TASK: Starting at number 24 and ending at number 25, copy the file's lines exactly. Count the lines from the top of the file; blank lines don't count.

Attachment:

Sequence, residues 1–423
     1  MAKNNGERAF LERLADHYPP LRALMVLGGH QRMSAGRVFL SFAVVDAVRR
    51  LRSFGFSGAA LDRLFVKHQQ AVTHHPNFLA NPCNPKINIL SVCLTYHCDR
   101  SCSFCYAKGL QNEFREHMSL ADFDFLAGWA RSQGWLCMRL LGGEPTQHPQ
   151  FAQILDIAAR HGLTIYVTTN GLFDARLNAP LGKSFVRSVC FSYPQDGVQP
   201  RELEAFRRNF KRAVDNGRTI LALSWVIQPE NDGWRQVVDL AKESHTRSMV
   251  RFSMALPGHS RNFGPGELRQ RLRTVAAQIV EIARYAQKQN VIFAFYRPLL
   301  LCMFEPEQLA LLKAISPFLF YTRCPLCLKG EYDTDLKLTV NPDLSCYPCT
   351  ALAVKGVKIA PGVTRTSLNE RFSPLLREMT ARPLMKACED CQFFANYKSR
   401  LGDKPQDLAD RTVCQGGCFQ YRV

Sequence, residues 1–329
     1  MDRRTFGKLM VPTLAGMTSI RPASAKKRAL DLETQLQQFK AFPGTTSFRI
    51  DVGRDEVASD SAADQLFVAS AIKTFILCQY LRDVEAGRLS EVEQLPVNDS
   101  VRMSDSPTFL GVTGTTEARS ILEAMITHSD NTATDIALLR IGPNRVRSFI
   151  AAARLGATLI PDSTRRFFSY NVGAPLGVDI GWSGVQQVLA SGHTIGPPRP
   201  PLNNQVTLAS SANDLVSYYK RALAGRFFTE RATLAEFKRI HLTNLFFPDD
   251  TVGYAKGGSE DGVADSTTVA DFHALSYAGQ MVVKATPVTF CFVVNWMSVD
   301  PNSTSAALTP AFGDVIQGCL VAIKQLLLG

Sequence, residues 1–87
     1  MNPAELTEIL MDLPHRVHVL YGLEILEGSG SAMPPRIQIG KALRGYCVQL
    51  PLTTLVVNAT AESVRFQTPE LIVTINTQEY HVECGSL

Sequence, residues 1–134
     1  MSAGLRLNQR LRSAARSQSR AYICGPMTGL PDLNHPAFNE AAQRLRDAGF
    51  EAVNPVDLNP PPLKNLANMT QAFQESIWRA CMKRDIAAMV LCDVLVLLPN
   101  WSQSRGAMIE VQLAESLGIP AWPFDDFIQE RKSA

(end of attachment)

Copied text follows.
    51  EAVNPVDLNP PPLKNLANMT QAFQESIWRA CMKRDIAAMV LCDVLVLLPN
   101  WSQSRGAMIE VQLAESLGIP AWPFDDFIQE RKSA